Imposition Of Punitive Punishments For Student Drug Test Failures Conflict With Federal Guidelines

Chapel Hill, NC–(ENEWSPF)–March 5, 2010.  More than one-half of school districts that randomly drug test their students impose punitive punishments for test failures that are contrary to federal advisory guidelines, according to a national study published in the Journal of School Health and summarized in the January 2010 online edition of the NIDA (National Institutes on Drug Abuse) News Scan.

Researchers at the Pacific Institute for Research and Evaluation in North Carolina analyzed data from a national sample of 1,922 school districts, of which 205 administered suspicionless drug testing programs to the student body. Authors found that more than half of the districts that enacted random drug testing imposed severely punitive punishments upon those students with test failures.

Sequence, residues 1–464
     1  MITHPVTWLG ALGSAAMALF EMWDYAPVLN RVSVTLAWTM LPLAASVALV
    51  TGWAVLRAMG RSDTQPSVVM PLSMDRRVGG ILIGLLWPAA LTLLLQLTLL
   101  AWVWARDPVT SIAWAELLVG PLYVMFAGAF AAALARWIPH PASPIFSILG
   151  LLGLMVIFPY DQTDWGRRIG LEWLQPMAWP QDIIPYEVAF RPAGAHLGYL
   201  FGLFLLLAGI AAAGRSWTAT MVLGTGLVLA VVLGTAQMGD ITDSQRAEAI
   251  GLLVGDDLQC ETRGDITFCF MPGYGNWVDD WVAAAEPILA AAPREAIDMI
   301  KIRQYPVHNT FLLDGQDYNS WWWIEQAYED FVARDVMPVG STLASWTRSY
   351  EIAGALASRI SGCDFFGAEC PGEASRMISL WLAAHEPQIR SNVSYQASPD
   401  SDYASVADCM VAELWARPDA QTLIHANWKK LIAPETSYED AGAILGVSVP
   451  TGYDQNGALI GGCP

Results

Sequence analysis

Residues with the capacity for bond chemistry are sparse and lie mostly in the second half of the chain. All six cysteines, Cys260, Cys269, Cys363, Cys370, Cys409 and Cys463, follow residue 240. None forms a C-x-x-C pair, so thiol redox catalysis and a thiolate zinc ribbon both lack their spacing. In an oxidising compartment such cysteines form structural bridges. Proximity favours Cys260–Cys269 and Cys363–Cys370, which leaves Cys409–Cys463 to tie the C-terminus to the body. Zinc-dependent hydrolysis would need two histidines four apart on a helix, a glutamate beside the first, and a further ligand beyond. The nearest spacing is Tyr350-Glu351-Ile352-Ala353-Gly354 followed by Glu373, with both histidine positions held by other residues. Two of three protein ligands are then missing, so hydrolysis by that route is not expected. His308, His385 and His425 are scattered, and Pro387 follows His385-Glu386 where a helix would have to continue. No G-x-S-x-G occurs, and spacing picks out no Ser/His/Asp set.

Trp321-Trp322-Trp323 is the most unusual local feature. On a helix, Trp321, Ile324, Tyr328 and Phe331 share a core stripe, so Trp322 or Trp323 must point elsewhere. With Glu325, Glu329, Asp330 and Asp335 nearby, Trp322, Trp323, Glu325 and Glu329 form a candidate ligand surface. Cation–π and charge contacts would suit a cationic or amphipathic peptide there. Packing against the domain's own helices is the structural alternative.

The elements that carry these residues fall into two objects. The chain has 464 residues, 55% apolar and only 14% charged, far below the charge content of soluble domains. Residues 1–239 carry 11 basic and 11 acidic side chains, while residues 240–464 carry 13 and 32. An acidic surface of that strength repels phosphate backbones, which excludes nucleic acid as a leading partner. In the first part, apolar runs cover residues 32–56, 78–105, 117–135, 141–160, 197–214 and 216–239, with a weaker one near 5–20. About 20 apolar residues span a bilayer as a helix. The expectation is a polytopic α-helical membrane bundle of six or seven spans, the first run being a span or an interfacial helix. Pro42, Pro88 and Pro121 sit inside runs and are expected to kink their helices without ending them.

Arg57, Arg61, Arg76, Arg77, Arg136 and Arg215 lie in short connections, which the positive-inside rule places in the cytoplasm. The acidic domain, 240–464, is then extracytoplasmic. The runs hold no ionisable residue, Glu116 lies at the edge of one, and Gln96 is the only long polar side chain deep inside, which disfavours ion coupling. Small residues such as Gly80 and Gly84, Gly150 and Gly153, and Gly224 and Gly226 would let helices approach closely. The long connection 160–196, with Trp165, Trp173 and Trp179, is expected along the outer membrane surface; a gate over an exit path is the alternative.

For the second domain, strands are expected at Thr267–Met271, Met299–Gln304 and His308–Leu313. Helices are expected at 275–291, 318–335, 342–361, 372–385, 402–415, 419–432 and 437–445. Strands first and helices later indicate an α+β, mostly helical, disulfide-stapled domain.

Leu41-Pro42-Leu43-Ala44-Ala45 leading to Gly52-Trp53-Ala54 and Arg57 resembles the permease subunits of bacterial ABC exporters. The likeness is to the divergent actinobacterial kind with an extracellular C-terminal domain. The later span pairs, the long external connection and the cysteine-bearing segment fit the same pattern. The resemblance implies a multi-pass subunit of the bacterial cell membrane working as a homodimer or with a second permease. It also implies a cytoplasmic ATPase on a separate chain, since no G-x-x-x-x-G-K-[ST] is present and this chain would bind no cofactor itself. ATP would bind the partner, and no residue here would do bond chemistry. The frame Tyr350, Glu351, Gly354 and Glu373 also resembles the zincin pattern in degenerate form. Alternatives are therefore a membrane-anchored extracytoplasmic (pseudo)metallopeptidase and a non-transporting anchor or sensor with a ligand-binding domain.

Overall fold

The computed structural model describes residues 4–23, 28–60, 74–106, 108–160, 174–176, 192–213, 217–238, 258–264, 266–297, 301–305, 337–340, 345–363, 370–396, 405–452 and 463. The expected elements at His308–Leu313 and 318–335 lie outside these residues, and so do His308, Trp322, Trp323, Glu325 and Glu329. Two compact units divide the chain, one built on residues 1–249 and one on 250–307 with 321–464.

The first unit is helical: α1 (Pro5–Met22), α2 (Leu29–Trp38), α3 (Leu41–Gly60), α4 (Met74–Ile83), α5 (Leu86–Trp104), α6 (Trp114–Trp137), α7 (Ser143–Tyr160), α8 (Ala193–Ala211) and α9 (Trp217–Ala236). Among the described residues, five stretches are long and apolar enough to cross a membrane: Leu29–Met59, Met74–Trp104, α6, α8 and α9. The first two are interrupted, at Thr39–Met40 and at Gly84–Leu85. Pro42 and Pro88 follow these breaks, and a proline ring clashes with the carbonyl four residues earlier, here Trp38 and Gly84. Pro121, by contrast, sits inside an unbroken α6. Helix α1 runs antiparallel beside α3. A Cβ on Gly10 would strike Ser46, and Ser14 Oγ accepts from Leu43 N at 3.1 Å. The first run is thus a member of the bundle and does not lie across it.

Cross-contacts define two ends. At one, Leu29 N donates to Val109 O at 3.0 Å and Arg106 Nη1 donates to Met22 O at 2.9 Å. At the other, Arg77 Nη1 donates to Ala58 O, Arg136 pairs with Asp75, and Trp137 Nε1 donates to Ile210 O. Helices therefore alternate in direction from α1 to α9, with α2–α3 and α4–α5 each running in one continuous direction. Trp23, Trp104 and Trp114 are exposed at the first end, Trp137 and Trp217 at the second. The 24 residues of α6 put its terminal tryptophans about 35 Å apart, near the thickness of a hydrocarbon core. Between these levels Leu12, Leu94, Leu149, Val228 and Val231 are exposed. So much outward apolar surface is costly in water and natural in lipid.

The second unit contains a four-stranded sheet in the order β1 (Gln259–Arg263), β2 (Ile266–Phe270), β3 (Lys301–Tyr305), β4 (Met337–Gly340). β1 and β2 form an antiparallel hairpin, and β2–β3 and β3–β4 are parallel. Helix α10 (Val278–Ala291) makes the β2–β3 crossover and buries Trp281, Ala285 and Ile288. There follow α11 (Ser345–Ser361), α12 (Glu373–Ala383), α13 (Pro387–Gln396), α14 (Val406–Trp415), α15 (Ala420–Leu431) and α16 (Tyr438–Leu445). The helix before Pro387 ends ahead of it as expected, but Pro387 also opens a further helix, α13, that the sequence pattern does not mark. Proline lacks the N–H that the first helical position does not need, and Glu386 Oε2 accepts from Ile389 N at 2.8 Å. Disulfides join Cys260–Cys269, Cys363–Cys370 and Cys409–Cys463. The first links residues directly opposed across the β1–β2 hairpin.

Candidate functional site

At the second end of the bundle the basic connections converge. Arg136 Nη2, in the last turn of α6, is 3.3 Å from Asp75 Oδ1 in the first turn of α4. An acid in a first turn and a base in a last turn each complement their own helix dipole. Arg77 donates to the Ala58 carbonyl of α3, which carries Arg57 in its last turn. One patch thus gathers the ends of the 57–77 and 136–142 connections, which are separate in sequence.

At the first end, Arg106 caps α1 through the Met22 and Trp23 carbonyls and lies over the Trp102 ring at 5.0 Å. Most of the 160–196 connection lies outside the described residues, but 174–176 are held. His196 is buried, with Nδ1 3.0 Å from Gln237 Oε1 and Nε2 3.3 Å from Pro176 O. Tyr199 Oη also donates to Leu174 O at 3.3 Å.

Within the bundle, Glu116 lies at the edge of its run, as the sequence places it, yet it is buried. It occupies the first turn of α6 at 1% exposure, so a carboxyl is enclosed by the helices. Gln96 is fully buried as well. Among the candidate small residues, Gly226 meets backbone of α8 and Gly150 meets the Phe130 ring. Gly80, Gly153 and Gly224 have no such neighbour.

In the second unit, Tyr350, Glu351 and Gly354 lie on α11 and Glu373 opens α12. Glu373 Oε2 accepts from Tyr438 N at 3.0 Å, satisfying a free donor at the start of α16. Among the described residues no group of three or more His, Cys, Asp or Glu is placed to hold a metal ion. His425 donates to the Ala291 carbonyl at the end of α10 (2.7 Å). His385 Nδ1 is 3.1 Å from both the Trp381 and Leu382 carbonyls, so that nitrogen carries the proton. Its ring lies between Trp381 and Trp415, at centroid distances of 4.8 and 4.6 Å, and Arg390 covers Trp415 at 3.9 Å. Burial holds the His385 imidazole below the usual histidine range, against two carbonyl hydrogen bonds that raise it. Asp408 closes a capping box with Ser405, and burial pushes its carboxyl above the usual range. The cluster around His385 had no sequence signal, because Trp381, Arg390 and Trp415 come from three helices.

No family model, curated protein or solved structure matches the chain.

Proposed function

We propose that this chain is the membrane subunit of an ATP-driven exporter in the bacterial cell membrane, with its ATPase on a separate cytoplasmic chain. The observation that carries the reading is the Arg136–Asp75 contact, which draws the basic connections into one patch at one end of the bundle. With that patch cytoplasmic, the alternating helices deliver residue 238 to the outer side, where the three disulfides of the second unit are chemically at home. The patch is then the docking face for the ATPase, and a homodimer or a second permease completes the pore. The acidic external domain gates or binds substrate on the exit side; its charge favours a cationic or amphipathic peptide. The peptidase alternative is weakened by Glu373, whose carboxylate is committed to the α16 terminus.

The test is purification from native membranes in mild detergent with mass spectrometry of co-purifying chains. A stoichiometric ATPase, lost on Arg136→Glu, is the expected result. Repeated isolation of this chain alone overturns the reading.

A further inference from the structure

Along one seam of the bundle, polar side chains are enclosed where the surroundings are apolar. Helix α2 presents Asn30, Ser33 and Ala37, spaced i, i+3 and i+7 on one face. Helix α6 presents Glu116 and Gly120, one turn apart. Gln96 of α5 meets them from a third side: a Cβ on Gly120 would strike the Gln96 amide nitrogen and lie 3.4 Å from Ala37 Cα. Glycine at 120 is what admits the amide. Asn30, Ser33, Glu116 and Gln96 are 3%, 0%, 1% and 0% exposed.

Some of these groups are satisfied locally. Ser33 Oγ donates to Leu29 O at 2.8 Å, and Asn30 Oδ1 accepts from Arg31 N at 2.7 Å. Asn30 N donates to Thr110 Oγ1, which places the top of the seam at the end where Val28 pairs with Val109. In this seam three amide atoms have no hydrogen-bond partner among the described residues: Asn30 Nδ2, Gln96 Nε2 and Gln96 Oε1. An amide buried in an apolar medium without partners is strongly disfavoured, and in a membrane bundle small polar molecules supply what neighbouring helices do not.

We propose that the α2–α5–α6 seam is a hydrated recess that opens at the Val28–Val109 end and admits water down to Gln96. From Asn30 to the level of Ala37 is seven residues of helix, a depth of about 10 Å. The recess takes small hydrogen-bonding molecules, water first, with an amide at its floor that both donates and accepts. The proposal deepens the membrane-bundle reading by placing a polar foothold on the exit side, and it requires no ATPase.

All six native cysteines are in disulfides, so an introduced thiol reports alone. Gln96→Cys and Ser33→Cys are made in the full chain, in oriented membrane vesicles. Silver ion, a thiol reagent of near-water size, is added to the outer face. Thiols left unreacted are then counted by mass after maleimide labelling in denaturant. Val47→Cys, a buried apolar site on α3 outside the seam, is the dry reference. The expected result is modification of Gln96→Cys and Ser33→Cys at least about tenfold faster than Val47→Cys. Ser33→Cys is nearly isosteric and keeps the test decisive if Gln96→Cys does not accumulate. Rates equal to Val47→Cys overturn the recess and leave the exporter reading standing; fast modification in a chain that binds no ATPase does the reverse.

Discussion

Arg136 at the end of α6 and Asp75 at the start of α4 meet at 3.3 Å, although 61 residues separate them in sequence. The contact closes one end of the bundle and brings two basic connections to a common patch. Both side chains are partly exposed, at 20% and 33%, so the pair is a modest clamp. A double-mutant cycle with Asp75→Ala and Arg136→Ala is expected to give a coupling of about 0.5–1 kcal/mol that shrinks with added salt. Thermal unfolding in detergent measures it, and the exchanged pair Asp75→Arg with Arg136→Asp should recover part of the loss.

Many districts “reported consequences contraindicated by federal advisory guides, such as notifying law enforcement officials (45.1%) and suspending the student from an athletic team (65.0%) or from school (31.0%),” investigators reported – noting that schools that contacted police following a positive test result engaged in “a serious breach of protocol.”

Commenting on the study, NORML Deputy Director Paul Armentano said: “Random student drug testing is a humiliating, invasive, and expensive practice that may inadvertently drive at-risk students toward socially deviant behavior through the misuse of these type of punitive sanctions.”